All Things Newz

‘You Just Sweat’: NYC Cops, Delivery Workers Take the Heat Wave in Stride


A sweltering week in New York City is taking a toll on residents young and old while also raising concerns over the bills they’ll have to inevitably pay.

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(Bloomberg) — A sweltering week in New York City is taking a toll on residents young and old while also raising concerns over the bills they’ll have to inevitably pay.

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From doormen to delivery workers to cops, New Yorkers are lamenting that the heat that’s ripped through large swaths of Europe and and the US South and Midwest is finally catching up to them. Temperatures could hit 99 degrees Fahrenheit (37 degrees Celsius) in Central Park on Sunday, a record high for the date.

Even kids aren’t immune to the heat wave. One preschool gave kids bags of ice to play with.

Two police officers, Shaq Richardson and John Lovett, who were chatting with a doorman at Trump Tower, said their air-conditioned patrol car offered partial relief from the heat during their 10-hour shifts. But not enough.

“You just sweat,” said Lovett.

The doorman, who gave only his first name, David, said he dreamed of being on the beach. He quipped that the officers might think twice about running their air conditioners at home all day when they see their electric bills at the end of the summer.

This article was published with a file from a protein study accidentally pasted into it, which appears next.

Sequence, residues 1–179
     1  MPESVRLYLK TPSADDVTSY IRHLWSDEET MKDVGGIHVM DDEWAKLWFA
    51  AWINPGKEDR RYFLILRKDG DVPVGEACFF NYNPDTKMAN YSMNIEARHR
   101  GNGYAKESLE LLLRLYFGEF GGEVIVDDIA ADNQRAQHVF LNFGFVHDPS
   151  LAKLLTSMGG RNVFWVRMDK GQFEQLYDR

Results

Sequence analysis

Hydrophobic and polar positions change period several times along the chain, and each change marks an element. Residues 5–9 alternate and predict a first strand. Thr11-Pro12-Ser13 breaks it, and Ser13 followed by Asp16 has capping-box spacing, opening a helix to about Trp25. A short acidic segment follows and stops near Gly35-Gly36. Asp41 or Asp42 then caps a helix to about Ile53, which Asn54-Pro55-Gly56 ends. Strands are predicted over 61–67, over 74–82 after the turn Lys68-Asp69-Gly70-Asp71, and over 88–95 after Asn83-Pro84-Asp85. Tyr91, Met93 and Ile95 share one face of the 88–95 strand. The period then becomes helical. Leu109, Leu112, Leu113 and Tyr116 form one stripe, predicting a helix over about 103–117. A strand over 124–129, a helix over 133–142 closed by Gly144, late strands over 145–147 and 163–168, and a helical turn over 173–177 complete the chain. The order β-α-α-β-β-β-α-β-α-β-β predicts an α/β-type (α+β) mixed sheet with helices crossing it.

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Con Edison, which provides energy for roughly 10 million people living in New York City and Westchester County, has estimated that power bills this summer will be a whopping 11-12% higher than in 2021. In Westchester, summer bills for residential customers are projected to be about 15% higher.  

New Yorkers, of course, aren’t alone in dealing with soaring temperatures exacerbated by a warming planet. The long-lasting heat wave across the Great Plains and South is testing the Texas power grid, and a spate of fires in California has destroyed homes. England saw its hottest temperature ever, and France and Spain are battling deadly wildfires.

Gustavo Ajche, a Grubhub delivery worker who was on duty during the lunch peak between 11 a.m. and 3 p.m., the hottest part of the day, said workers need to bring several T-shirts and change clothes often because of how much they sweat. Ajche said he and his colleagues are thankful for the restaurant owners who have offered them free water.

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“Storms and the crazy weather are what make delivery workers so essential for the city,” he said. 

City officials point out that while hot summer days may be fun for some — think playing in sprinklers or eating popsicles for breakfast — they can also be deadly. From 1979 to 2018, 11,000 people in the US died from heat, according to the US Environmental Protection Agency. Between 2010 and 2019, of the 100 or so New Yorkers who died each year in hot homes, more than 80% had no air-conditioning available or running.

New York is offering cooling centers in public libraries, community centers, senior centers and New York City Housing Authority facilities and can be found through a location finder on the city’s website. And at least one city agency — the Sanitation Department — is already looking past summer.



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